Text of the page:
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The Journal of the Lincoln Heights Literary Society
Miscellanea and Ephemeron

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03/28/2006 Archived Entry: "Anime review: Starship Operators, Vol. 2 - "Memories" (DVD)"

Starship Operators, Vol. 02 - "Memories" (DVD)
Geneon

Review by Tom Good

"Viewers are going to get bored if all they see is empty space," says the embedded reporter on the starship Amaterasu, trying to convince her producer of the need for a planetside visit. "... audience ratings on Shu are the highest of any of the planetary nations, right? Besides, reporting on the welcoming ceremony is so news." Soon the starship crew, who sold the rights to their story to a reality show (for more background, see my review of Vol. 1), heads for the planet's surface. But the change of scenery does not change the fact that the Amaterasu is at war, and their enemy "The Kingdom" promptly declares war on Shu. Now more than ratings will be at stake as the crew struggles with another a tricky situation.

In this volume, Starship Operators keeps up its wry humor about the media. One of the girls discovers that her image has been used without her knowledge in a tacky ad for an "exercise in 5 minutes a day" fitness product. They all grumble about this, but realize they have no choice about it because of the wording in their contracts. And a comment like "viewers will get bored if all they see is empty space" works on multiple levels. It points out how a news show's quest for ratings can influence the objectivity of its reporting, and even alter the very story being covered. But at the same time, it could just as well refer to the Starship Operators show itself, and how it needs to hold viewers' interest just as much as the "reality show" does. So why not invent a reason to show some pretty visuals from a new location? The clever, layered humor makes the show worthy of repeat viewings.

In the space combat scenes, the show breaks with a typical convention of the genre by showing engagements across extremely long distances. Many science fiction shows compose dramatic visuals by putting two opposing ships at very close range, so they can both appear in the frame at the same time. This looks nice, but it makes a space battle feel kind of like a dogfight between World War I biplanes, which is hard to accept as realistic. Even today we have air-to-air missiles that can be fired from miles away, so it seems strange to think that long-range combat would be less important in the future. But Starship Operators shows impressive-looking beam weapons firing across vast expanses of space, from far beyond visual range, and this makes the weapons seem more frightening. I really like this approach, just as I like the zero-gravity ship interiors.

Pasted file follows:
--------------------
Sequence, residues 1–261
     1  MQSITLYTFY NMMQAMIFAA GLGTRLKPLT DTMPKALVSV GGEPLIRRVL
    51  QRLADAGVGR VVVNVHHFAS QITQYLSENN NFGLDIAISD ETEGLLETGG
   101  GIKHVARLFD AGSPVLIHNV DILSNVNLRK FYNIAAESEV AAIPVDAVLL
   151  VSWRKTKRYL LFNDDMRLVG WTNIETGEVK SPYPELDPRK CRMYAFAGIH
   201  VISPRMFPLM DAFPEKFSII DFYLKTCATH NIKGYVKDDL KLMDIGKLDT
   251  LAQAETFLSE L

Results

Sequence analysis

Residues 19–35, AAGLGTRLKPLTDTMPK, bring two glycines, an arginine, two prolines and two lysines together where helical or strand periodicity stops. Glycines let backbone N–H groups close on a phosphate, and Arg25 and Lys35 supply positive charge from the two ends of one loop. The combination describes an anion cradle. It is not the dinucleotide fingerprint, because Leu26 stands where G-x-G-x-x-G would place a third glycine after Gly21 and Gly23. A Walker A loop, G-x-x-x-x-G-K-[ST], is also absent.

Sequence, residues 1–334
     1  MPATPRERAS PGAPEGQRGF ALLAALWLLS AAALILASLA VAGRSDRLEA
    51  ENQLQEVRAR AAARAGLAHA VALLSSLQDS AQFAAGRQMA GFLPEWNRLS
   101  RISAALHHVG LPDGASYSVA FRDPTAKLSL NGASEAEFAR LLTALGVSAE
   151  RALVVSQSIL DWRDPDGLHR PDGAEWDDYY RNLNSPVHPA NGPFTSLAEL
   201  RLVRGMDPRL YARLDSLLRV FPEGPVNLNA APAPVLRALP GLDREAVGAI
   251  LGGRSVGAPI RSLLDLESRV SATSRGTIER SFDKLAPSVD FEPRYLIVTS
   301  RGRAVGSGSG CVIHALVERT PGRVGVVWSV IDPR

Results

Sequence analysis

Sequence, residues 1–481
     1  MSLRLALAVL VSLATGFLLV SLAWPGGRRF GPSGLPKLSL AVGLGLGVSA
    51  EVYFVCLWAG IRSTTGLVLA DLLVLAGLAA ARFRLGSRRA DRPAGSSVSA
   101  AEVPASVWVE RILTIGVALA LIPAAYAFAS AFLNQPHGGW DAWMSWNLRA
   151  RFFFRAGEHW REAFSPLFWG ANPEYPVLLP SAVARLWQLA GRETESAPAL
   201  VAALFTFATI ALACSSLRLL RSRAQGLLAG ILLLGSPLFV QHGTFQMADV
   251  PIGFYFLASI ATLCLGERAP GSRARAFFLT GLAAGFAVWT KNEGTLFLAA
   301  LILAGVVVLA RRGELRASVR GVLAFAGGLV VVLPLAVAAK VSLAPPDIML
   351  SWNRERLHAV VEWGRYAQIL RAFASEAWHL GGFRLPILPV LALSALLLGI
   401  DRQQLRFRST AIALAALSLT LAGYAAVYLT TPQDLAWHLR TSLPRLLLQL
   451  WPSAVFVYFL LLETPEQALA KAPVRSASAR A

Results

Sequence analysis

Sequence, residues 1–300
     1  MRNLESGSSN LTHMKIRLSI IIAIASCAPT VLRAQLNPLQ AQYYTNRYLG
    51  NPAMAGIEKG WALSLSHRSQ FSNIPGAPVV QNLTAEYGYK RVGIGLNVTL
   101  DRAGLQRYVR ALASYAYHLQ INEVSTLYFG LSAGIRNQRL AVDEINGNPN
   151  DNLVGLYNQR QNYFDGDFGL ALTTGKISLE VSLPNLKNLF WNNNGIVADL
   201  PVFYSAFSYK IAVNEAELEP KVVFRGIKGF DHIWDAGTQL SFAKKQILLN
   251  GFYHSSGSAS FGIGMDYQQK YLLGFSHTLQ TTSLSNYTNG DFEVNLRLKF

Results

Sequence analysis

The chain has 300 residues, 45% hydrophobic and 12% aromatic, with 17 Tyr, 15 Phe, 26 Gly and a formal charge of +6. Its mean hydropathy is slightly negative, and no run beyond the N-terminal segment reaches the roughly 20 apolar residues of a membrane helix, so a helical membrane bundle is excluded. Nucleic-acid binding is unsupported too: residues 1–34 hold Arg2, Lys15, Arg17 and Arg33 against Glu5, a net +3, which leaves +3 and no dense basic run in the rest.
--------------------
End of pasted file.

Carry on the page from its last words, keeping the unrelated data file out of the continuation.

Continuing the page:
The show makes interesting use of retro elements, not only in the look of the uniforms, but in the dialogue as well. The officers use traditional naval terminology, and even talk about "sinking" enemy ships, though in space there would be nowhere for them to "sink." This has a certain charm to it -- after all, we still use expressions like "dialing a number" even though telephones no longer have rotary dials. And one of the battles involves the fact that one ship cannot turn around fast enough to intercept another. This may or may not be justifiable in terms of spacecraft physics, but it felt more like a throwback reference to the type of naval maneuvers that occur on the oceans of Earth.

I do not want to give away any more of the plot, and in fact I recommend not even reading the back of the box until you have watched the DVD, because the summary does contain spoilers. But I will say that in addition to humor, the show contains political intrigues, difficult decisions, and quite a bit of suspense. Starship Operators is shaping up to be one of my favorite new shows.

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